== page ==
I had just come back from a movie, when Mary Stanley called from California. She had been startled to read in my column on Republican women that she was working for Reagan. The woman had jumped ship long ago, and was planning an Anderson reception booth that very day.
I take this sort of mistake very calmly. First, I impale my source on the point of a poisoned pen and then I recycle the weapon for hara-kiri. It is the only decent thing to do.
Stanley, however, persuaded me merely to strike Ms. Unimpeachable off my dance card and carry on. After all, she had dome something similar with Reagan himself.
In 1964, Mary Stanley, president of a frozen food corporation, had heard Ronald Reagan make "The Speech" on behalf of Barry Goldwater. She'd become an instant fan.
Stanley is the sort of Republican who believes that individual rights are a conservative issue. She belongs to the party of Susan B. Anthony and Elizabeth Cady Stanton. Moreover, she remembers when Reagan was on her team. This is more than Reagan cares to remember.
In his time as governor, Reagan signed 66 bills supported and/or initiated by the California State Commission on the Status of Women.
In 1967, his name was penned at the bottom of one of the most liberal abortion laws in the country.
In 1972, he came out in favor of the ERA in a strong statement saying, in part, "In my opinion the simple declaration that 'Equality of rights under the law shall not be denied or abridged by the United States or any state on account of sex' is morally unassailable."
The man developed his qualms -- and his backpedals -- on these issues when he decided to run for national office.
So much for Mary Stanley as a Reagan supporter. "I didn't leave him. He left me." So much for Reagan's boast that he has been as consistent as the original hobgoblin.
My conversation with Stanley reminded me of the movie I'd just seen. Throughout this bizarre campaign, I keep hearing people say about Reagan, "at least he's" 1) consistent, 2) straightforward, 3) understandable. Choose one from Column A.
While the other candidates have stumbled over some complexity or other and gotten bogged down in a conflicting value or two, he hasn't. His positions are as clear as his Panama Canal slogan: "We bought it, we paid for it, it's ours." His speech is the "Veni, vidi, vici" of the campaign trail.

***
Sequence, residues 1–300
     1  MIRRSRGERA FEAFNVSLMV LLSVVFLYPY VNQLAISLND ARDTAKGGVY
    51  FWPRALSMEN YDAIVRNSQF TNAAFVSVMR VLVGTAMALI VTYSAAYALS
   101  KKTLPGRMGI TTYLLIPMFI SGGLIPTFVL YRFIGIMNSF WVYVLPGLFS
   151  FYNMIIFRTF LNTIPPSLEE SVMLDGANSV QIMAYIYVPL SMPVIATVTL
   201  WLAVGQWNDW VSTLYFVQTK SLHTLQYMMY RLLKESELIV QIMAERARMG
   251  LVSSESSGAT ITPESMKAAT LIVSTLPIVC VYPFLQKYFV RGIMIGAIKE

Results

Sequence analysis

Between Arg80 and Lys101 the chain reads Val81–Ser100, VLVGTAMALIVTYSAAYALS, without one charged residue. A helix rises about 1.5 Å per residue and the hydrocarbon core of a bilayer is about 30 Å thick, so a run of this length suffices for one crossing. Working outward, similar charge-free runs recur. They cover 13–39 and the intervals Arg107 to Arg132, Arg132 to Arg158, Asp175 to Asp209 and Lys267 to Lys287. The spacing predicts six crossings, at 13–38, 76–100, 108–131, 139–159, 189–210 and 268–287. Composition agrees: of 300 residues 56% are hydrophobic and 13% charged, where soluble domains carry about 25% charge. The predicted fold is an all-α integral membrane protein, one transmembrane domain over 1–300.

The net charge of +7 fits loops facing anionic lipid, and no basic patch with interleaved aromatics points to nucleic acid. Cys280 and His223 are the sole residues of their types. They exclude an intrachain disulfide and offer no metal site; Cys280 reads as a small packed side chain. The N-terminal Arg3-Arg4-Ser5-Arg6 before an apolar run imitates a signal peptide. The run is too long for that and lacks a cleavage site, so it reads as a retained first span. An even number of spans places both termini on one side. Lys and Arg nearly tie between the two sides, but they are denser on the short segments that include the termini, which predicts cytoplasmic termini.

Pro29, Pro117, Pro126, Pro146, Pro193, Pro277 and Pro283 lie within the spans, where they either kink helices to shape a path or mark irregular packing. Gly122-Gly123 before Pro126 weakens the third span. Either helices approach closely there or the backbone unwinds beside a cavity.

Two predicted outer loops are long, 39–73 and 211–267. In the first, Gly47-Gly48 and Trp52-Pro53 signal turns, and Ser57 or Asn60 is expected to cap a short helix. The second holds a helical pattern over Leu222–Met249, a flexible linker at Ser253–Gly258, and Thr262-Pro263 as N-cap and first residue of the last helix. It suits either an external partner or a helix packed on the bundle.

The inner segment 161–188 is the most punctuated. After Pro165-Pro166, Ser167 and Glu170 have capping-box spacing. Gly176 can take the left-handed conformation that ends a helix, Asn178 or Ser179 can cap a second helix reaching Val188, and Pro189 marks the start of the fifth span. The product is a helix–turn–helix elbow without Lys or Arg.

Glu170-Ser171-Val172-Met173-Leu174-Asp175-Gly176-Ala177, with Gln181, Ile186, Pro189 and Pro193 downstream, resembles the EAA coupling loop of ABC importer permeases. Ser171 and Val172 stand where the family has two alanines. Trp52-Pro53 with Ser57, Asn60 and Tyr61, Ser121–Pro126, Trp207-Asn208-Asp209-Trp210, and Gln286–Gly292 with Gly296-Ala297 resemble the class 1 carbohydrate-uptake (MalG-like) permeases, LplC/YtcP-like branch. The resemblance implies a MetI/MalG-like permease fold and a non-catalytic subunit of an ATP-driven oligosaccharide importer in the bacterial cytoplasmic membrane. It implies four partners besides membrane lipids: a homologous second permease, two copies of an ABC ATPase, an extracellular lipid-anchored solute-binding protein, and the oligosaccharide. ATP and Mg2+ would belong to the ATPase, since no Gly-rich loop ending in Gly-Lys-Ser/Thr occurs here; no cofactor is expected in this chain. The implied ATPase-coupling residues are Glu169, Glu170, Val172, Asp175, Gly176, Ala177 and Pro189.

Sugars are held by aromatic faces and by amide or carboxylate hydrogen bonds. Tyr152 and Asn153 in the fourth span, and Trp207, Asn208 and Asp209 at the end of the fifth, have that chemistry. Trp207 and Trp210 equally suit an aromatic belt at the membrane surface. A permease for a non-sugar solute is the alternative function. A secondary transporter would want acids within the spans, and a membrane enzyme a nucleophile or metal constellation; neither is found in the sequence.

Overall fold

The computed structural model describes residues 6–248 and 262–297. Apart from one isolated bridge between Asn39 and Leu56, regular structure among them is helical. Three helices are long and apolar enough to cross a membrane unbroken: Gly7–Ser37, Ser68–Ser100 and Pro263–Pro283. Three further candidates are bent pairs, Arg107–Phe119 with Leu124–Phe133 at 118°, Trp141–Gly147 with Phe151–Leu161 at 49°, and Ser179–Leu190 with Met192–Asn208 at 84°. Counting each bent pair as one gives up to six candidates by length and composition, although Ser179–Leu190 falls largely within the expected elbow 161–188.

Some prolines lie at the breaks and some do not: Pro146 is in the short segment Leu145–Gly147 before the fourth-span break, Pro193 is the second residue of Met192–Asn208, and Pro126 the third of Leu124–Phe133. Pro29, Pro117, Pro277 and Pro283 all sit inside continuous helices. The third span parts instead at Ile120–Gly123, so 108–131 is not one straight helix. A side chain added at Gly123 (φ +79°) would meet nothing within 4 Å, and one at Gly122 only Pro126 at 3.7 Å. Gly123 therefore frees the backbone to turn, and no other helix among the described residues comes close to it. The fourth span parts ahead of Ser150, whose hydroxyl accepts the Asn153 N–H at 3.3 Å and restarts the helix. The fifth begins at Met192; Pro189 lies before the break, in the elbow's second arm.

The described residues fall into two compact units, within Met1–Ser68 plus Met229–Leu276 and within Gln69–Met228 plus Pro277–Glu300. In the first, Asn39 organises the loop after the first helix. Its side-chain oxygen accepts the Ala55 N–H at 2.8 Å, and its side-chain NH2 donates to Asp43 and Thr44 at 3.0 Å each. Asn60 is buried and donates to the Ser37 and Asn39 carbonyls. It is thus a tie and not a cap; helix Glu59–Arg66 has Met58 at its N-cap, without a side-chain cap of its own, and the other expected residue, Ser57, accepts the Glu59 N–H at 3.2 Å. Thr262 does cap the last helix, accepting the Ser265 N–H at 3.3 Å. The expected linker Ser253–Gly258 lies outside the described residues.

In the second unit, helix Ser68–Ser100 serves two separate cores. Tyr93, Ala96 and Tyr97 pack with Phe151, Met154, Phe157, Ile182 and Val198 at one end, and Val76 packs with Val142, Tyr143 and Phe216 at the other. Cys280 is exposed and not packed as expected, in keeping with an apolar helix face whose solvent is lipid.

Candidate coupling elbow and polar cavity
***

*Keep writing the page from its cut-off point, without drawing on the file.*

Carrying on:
This is either admirable or spooky. Having just popcorned my way through "Being There," I choose spooky.
In the world created by Jerzy Kosinski, Peter Sellers plays a totally simple gardener catapulted into fame and presidential timber through no fault of his own. The man just goes around Washington talking about what he knows: roots and soil, seasons and climates. w
But his plain sentences are interpreted as metaphors for deep thoughts about the economy and the state of the world. The man is analyzed into profundity.
At one point in the flick, for example, he says that spring always follows winter, and he is praised for cleverly talking to the American people at a third-grade level. At another moment, he is told, "You don't play games with words; you're direct." He has, of course, no choice.
The movie is a political parable, but not a compleat Reagan parallel. Chauncey Gardiner, as he is called in the movie, is an illiterate who was raised on television. Reagan is a literate who was raised in television.
Yet it struck me that perhaps the reason Reagan's simplicity seems so real is because it is real. His former campaign manager, John Sears, said he's weak on the issues. Beneath that simple facade is a superficial core.
This can be a political advantage. If you don't see the complex, you don't have to struggle to simplify. You don't have to muck up your brain and your speech and your followers with complications. To use one of my father's favorite expressions, you are unencumbered by knowledge.
In a year of confusion and doubt, like this one, everybody else is offering tough choices. Chauncey Gardiner isn't the only one who's succeeding by just Being There.